Here’s one I found taken on the hill we hope to fly our from, who needs to charter a helicopter to make films like these? Ok not very summery but a good movie!

Friday, 2 July 2010

Testing my clock

My home made clock-next I have to add buttons so I can set the time then maybe chimes,not ugly electronic one but a relay connected to a little hammer striking a wind chime style tube would sound nice!

Friday, 25 June 2010

PENdulum test (BIC actually)

Here's a short video of my testing my pendulum system out, it's running a little fast so I need make the pendulum longer and the only way to accommodate t in that case is to raise the top and the coil up higher. I've already mover the opto sensor to the back and have a little pin in the back of the pendulum interrupting the beam. Even though the stanley knife bade fulcrum should be pretty well friction free bcz the coils magnetism has to jump a bit of a gap it's not so efficient and those 60 pulses a second are going to eat the batteries! Maybe a solar panel on top?

Monday, 21 June 2010

Video of me playing at Gary's club

About time I posted a video of myself playing here, I played at Gary's Club at the weekend, I think it went well. Anyway here's a couple of videos so you can make up your own mind!
Note I'm playing the Les Pew through the "new" amp and the rotary speaker, the copper gardening tags I found in a hardware shop have made much improved rotating speaker contacts! I wrote the songs too.

Friday, 18 June 2010

Bird's nest wiring!

Something that seems fairly simple in theory doesn't always work out like that in practice. It's certainly put my eye sight to the test! Though the bird's nest lay out is easier to trace than it looks you could hardly call it neat! (Dare I admit wiring is my trade?) Bcz the minute LEDs are small and are easy to destroy by over heating with the iron I decided to only wire one wire to each pin there is still the wiring for the seconds LEDs to be added but as these are larger I should be able to link them daisy chain style to keep down the bulk of the wiring! Oh-and I must order the IC's or it won't be doing anything!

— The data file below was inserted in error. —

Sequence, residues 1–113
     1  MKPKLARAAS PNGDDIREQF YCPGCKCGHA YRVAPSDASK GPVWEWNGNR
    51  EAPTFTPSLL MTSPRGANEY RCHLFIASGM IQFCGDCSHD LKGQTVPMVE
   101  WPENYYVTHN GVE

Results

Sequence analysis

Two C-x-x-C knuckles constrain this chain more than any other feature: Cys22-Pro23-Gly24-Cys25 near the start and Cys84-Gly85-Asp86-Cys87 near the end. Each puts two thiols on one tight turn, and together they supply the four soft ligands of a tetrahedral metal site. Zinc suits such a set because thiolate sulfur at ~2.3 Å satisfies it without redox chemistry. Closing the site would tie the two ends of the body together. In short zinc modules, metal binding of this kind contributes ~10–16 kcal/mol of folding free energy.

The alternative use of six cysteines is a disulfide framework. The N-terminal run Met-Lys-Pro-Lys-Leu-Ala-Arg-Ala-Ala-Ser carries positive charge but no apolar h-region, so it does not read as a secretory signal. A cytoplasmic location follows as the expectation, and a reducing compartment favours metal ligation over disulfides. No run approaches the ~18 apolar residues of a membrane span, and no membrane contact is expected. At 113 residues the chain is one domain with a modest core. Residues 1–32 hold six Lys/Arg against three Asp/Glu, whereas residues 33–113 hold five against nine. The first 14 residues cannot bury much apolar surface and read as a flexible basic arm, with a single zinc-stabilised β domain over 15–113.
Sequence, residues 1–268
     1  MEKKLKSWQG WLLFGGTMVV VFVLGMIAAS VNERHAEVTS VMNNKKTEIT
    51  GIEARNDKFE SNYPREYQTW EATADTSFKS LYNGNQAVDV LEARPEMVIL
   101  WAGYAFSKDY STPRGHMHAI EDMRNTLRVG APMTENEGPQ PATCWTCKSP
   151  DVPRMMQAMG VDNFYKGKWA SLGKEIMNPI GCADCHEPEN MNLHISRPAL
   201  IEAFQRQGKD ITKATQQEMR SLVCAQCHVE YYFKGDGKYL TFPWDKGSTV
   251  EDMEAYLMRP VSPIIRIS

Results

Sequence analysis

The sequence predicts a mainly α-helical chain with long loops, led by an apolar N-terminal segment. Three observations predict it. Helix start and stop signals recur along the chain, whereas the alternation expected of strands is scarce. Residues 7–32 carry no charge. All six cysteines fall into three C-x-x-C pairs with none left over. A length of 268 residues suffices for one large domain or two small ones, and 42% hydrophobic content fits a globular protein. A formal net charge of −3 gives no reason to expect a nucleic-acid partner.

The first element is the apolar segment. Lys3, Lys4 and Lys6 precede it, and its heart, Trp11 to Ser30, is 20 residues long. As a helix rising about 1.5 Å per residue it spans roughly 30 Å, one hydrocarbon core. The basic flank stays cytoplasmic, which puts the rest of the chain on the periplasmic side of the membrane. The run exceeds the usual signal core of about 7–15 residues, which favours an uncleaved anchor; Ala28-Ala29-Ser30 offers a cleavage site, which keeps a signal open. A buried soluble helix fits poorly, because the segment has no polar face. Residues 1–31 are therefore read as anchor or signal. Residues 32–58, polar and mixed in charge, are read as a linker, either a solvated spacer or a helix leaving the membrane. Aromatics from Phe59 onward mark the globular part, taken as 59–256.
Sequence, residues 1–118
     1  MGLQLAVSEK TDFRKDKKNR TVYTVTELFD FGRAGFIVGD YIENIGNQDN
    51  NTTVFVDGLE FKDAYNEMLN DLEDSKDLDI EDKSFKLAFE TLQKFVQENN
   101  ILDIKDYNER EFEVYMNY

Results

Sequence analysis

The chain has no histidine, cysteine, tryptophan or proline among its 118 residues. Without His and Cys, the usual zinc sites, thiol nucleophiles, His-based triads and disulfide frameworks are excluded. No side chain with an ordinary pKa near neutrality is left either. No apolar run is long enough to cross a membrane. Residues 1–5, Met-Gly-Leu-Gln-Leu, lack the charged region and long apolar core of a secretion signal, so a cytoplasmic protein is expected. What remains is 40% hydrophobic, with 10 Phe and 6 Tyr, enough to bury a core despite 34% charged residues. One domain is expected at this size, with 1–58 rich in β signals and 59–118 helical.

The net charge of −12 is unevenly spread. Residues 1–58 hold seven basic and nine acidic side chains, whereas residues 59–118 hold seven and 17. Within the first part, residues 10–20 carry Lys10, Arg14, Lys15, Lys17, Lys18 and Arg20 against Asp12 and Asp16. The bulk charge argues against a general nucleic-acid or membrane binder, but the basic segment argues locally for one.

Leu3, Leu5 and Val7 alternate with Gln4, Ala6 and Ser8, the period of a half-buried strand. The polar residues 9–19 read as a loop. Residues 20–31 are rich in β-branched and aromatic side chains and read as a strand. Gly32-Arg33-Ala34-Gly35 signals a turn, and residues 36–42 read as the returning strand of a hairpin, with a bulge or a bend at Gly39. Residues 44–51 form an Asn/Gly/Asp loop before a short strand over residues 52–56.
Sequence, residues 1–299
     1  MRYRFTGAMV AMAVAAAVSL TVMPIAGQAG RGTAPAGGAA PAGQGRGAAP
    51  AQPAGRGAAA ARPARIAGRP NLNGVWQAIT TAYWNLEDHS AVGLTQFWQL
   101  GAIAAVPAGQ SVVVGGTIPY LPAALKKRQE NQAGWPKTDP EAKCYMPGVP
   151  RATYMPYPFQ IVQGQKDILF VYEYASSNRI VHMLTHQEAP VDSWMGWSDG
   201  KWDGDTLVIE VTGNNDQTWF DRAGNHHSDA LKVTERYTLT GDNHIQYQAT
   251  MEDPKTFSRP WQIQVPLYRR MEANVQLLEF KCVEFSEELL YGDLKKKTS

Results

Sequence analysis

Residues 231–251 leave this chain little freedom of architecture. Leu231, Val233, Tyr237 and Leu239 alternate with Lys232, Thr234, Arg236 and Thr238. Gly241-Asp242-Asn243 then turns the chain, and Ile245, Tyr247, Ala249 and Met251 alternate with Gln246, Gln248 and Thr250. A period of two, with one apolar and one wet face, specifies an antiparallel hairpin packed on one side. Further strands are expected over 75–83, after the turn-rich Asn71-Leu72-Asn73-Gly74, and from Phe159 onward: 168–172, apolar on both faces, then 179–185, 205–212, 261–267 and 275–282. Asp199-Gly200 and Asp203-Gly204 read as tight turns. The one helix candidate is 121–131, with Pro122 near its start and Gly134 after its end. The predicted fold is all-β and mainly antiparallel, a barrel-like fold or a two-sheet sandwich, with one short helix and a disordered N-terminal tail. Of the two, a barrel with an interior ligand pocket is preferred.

Saturday, 12 June 2010

Time - warp. (sorry that's the best I could come up with!)

Inspired by Time Hunkin's web site I thought I'd build a clock (also it makes a change to make something totally non musical)
It will have 132 LEDs _ and five cmos counters fanned out in a star shape in the center.
The outer ring will have yellow LEDs indicating the seconds- middle ring red for minutes and the inner rectangular green LEDS for the hour hands.
Yes a CNC machine would have made a better job of drilling those holes! Think of it as art! I will get them a little better as I glue them it place then fill any gaps.
it won't have a pcb of any kind all will have to be point to point hand wired! I must be mad! I want it to keep time via a pendulum with optical sensor and might add hourly chimes later.

The dulcimer is coming along, the side bending was a little bit of a struggle as I used a large soldering iron to steam them! No they don't want to stay in exactly the right curvature but are now bend easily into place.
I'm held up now as I need to put in an order for glue and might as well buy the finger board etc though my regular luthier suppliers in the UK don't seem to offer anything dulcimer sized!

Friday, 28 May 2010

Tim Hunkin - Engineer - Artist

Does any one remember the TV sries The Secret Life Of Machines back in the late 80’s? Hosted by Tim Hunkin and Rex Garrod it explained the inner workings of domestic and later office equipment through experimentation, stunts and wacky cartoons! I considered this compulsory viewing!